How to Hatch Chicks Outside of their Shell: A Step-by-Step Guide

Hatching chicks outside of their shell is an intriguing experiment that has gained popularity after a group of Japanese students successfully accomplished it. This article provides a step-by-step guide to replicate this experiment, based on a video tutorial by Jordyn Passw0rds, a research paper from Japan, and helpful comments from Lewis Wood.

Necessary materials:

  • Fertilized chicken eggs
  • Incubator
  • Cups (one per egg)
  • Plastic wrap
  • Cotton balls
  • Easter egg
  • Drinking straw
  • Rubber band
  • Source of calcium (as mentioned in the research paper)


  1. Obtain fertilized chicken eggs: These eggs are different from regular supermarket eggs and can be ordered online or purchased from a farm.
  2. Place the eggs in an incubator: Once you have the eggs, place them immediately inside an incubator. If you don’t have access to an incubator, you can build one following the tutorial provided in the link.
  3. Incubate the eggs for 54-55 hours: Turn the eggs three times a day to prevent the yolk from sticking to the shell. To do this, gently turn the egg in your hand for about a minute, then place it back in the incubator in the opposite position.
  4. Prepare the cups: After the incubation period, you’ll need a cup for each egg. Make a 1 cm diameter hole about 2 cm from the bottom of the cup. Place a cotton ball inside the hole, which will be used to pump oxygen into the cup on day 17.
  5. Prepare the plastic wrap: Take a 30×30 cm piece of plastic wrap and place it over the cup. Use an Easter egg to shape the plastic wrap into the shape of the egg that will be placed in the cup. Secure the plastic wrap with a rubber band and make small holes in the plastic wrap for ventilation.
  6. Carefully break the egg: Be careful when breaking the egg to avoid piercing the yolk. Carefully pour the egg contents into the prepared cup.
  7. Seal the cup: Cover the top of the cup with another 30×30 cm piece of plastic wrap and fold it down to secure it.
  8. Place the cup back in the incubator.
  9. On day 17, remove the cotton ball, insert the straw into the hole and pump oxygen into the cup.
  10. Monitor the progress of the eggs, and if all goes well, you should have chicks.

Additional tips:

  1. Provide a source of calcium for the egg, as removing the shell reduces the availability of calcium. 2. Ensure to maintain the proper oxygen ratio, as this can affect the experiment’s success.
  2. Keep a clean environment and sterilize the incubator, cups, plastic wrap, and tools before starting.
  3. Perform the experiment with multiple eggs, as even with the right conditions, the success rate can be around 50%.

Conclusion: Hatching chicks outside of their shell is a fascinating experiment that requires attention to detail and patience. By following these steps and tips, you can increase your chances of success and enjoy the experience of raising chicks in an unusual environment. Don’t be discouraged if you’re not successful on your first attempt, as even experts face difficulties in this process. Good luck and have fun!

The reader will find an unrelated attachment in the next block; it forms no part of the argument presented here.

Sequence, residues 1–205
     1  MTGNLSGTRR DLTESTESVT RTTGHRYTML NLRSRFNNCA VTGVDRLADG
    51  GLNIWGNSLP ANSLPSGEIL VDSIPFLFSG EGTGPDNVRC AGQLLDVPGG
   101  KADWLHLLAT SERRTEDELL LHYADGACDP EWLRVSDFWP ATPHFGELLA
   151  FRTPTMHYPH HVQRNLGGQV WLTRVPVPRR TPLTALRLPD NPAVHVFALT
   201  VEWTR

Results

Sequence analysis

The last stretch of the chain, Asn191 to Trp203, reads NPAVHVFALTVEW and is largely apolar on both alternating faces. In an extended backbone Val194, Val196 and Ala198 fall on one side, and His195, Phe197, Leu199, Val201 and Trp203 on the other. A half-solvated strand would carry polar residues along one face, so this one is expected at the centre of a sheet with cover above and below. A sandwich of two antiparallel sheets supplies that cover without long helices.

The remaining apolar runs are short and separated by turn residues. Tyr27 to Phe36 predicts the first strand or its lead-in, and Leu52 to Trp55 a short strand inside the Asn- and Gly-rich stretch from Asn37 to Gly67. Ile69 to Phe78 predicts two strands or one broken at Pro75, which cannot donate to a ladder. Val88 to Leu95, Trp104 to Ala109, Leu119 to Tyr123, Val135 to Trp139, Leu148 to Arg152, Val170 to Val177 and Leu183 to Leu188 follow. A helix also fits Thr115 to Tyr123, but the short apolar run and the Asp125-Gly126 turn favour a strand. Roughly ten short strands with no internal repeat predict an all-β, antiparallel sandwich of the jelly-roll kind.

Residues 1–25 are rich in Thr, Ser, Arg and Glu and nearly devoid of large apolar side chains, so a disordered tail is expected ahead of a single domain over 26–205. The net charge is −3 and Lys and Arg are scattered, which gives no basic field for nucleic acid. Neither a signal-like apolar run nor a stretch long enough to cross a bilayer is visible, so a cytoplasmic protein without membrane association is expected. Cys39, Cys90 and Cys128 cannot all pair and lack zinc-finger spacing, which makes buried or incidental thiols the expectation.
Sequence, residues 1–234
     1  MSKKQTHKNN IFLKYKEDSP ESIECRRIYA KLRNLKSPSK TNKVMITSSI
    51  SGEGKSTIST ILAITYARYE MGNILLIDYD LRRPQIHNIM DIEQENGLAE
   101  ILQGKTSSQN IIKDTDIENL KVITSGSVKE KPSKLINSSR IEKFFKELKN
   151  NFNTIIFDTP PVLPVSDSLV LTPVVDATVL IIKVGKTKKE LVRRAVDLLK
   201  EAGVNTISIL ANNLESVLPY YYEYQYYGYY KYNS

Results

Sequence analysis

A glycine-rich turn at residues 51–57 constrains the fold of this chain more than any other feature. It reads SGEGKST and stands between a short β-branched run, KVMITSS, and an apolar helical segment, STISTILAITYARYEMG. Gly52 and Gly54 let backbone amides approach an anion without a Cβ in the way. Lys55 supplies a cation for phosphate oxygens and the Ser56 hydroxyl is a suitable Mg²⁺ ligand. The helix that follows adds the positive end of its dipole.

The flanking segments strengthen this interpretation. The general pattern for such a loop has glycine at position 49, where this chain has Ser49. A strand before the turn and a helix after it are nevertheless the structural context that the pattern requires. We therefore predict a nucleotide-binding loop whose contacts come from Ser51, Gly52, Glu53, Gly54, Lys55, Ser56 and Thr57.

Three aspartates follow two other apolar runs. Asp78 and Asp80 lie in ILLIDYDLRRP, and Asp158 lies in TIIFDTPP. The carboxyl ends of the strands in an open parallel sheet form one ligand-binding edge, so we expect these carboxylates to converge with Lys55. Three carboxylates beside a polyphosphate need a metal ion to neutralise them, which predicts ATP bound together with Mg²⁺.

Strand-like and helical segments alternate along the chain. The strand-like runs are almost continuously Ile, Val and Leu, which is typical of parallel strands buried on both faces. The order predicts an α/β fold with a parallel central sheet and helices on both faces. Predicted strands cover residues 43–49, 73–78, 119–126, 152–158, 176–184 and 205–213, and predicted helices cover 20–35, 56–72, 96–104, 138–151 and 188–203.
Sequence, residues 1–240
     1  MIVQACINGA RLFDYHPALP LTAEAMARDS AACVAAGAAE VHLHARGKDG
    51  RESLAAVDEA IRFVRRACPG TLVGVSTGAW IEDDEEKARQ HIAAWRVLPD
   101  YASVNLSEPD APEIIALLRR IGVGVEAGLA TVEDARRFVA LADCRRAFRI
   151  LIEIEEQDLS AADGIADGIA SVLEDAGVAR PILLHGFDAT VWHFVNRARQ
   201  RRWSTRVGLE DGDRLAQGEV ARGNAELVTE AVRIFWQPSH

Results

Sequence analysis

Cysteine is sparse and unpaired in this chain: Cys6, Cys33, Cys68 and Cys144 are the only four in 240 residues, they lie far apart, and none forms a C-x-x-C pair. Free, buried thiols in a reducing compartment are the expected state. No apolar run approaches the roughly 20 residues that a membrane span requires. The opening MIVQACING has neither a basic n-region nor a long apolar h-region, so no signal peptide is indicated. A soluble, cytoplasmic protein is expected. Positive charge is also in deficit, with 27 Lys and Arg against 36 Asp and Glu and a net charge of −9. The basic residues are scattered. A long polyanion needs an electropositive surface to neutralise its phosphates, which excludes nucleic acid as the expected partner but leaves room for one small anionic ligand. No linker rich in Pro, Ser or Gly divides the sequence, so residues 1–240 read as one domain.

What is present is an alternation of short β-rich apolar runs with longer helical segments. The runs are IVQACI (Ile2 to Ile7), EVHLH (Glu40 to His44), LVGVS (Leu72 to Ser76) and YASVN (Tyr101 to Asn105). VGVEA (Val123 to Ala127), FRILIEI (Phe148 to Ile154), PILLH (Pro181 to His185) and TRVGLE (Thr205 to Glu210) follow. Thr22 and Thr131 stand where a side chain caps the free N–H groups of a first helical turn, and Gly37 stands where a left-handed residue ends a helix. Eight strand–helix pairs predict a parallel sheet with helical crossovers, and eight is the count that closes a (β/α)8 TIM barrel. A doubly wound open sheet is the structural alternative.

This is the video

Additional things from another tutorial.

In another video from the Happy Tails channel, additional tips are provided on how to help chicks hatch from their egg. Below are some key points from the video to complement the previous tutorial:

  1. Patience is crucial in the hatching process, as it can take hours or even days. These methods should not be used to speed up the process, but only in life-or-death situations when a chick is stuck in its egg.
  2. If you decide to help a chick, do it slowly and give it time to try on its own. Don’t do all the work at once.
  3. The proper temperature is crucial for the development and survival of chicks. Make sure to provide them with enough heat throughout the process.
  4. In the video, it shows how to help a chick that cannot get out of the egg by itself. First, you need to locate the chick’s head inside the egg using a powerful flashlight. Then, create a small hole without breaking any other part of the egg. Leave the egg alone for at least 7-8 hours to give the chick time to try to get out. If it doesn’t succeed, you can start gently removing pieces of the eggshell, being careful not to break the white membrane.
  5. Make sure the membrane is dry before removing it. If it’s still wet, you can harm the chick. This process can take more than 36 hours, so it’s essential to have patience.

Source of Research Paper

This is the link:

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Acerca de Rodrigo Vazquez

Fiel seguidor de Nikola Tesla, Ghandi, Sagan, Stephen Hawking, Fresco. Amante de la Naturaleza, interesado en el desarrollo de sociedades sostenibles. Constante investigador de la Tecnología y su uso apropiado en la Organización, Estructura, Economía y Democracia de una Nación. Apasionado del Arte. Apoyo todas las causas nobles para el bien de la sociedad, dando servicio gratis de Desarrollo Web y Marketing Digital. Organizador de la Comunidad Cerebro Digital

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